Fired because they are gay: How is it legal in 28 states
Stacy Bailey is a teacher at an elementary school in Texas that is suing the school district for discrimination after she was suspended for discussing her sexual orientation. Because of ambiguity in Title VII of the Civil Rights Act of 1964, it is legal in 28 states to fire or suspend a person as a result of a sexual identity. Here is an overview of the controversial debate.
As hundreds of thousands of LGBT Americans and their allies to the streets to celebrate during Pride month, a case from Texas highlights the employment discrimination hurdles the community has yet to clear.
Stacy Bailey is a former teacher at Charlotte Anderson Elementary in Arlington, Texas. She continues the Mansfield Independent School District (MISD) for suspending her is for the discussion of sexual orientation in her class.
The 31-year-old teacher lives in one of the 28 states where it’s legal to suspend or fire something because of their sexual identity.
TEXAS TEACHER SUES SCHOOL DISTRICT AFTER BEING ACCUSED OF PROMOTING THE GAY AGENDA.
The school district released a statement to say they are and have always been “an inclusive, supportive work environment for LGBT staff for decades.” Action was taken against Bailey, they say, because allegedly “her actions in the classroom have changed.”
Bailey was removed from the classroom after a parent complained that she showed a picture of her and her then girlfriend-now-wife to her students.
Or the school district acted in a discriminatory manner is for a jury to decide. Regardless of the decision of the jury, MISD is perfectly within their rights to take action against someone because of their sexual identity. This is the result of a lack of clarity in Title VII of the Civil Rights Act of 1964.
What is the provisions of Title VII of the Civil Rights Act of 1964?
The statue says, “It is an unlawful employment practice for an employer… to discriminate against any person with respect to the compensation, terms, conditions, or privileges of employment, because of such individual’s race, color, religion, sex, or national origin.”
“The questions is whether ‘sex’ refers to sexual orientation and gender identity,” lawyer Sandra Mayerson told Fox News.
This question has plagued the court system for many years, but lately, some courts have reached firm decisions on the issue. Since April of 2017, the 7th and 2nd US Circuit Court of Appeals has determined that Title VII does extend to sexual orientation and gender identity by means of the sexual stereotype theory ruled by the Supreme Court in Price Waterhouse v Hopkins.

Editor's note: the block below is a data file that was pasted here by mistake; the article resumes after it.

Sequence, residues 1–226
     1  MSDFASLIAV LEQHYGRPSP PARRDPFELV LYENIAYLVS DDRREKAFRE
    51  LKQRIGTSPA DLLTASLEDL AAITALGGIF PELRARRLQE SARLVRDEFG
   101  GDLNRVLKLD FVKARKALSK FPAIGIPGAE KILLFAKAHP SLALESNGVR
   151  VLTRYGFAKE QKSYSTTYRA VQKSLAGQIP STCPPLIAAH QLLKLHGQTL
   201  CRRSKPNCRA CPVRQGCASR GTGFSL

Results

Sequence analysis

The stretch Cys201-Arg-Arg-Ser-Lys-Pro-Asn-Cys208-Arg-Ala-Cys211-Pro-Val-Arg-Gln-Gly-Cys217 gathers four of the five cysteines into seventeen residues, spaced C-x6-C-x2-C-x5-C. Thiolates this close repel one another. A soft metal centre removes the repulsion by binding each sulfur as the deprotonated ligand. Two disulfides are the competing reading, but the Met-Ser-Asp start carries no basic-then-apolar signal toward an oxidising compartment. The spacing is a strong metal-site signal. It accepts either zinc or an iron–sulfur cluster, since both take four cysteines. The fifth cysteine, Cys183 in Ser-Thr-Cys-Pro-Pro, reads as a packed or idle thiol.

This case ruled that Title VII extends to sexual stereotypes; which means that a person cannot be punished by an employer, because they do not act, the way they have their sex “should” act. This, they argued, is a form of discrimination on the ground of sex.
The 7th Circuit used this sexual stereotyping theory to argue homosexuals can’t be penalized by the employer because they don’t behave the way they “should”, that is what they don’t have romantic relationships with people of the opposite sex.
With regard to the Bailey’s case, a similar argument can be made in its defense, Mayerson said.
“Stacy is discriminated against on the grounds of sex, since she showed a picture of her wife and if a man had shown a photo of his wife, he would not have been suspended. But a woman, with a picture of her wife was suspended, and that was why she was suspended because of her gender,” Mayerson explained.
Stacy Bailey (left) is a Texas teacher who claims she was suspended after seeing this photo of her and her friend to students.
(Credit: Julie Vazquez)
What is the size of ‘sex?’
The 11th and 6th Circuit court ruled the opposite; that “sex” has no relation to the orientation.
“Usually if there is a split in the circuits, that is, when a case is ripe for a decision of the Supreme court,” Mayerson said. However, the court has refused to hear a case regarding the issue. Mayerson charges the reason is because there are judges on both sides of the issue, and neither party believes they have the votes to render a decision that they agree with.
President Trump’s Ministry of Justice has weighed in on the hotly debated topic. In July 2017, the department of justice filed an amicus brief at the 2nd Circuit Court arguing Title VII does not apply to sexual orientation.
“The essential element of discrimination on grounds of sex under Title VII is that the employees of a particular gender should be treated worse than also situated employees of the other gender, and sexual orientation discrimination simply does not have that effect,” the brief argues.
This Department of Justice also stated that “All attempts to amend Title VII of the scope must be addressed to the Congress rather than the courts.”
What does the ambiguity of Title VII to mean?
Without a federal statute from the Supreme Court or a law passed by Congress, the states are left to their own devices.
Since the 7th and 2nd Circuit courts have determined that the provisions of Title VII extends to people within the LGBT community, the six images that are under their jurisdiction – Illinois, Indiana and Wisconsin; and Connecticut, New York and Vermont, respectively, a law to follow. Sixteen other states have taken legal measures to protect LGBT people from discrimination.
This means that the remaining 28 states are left to the mercy of the local, national, and local laws and small court judgments.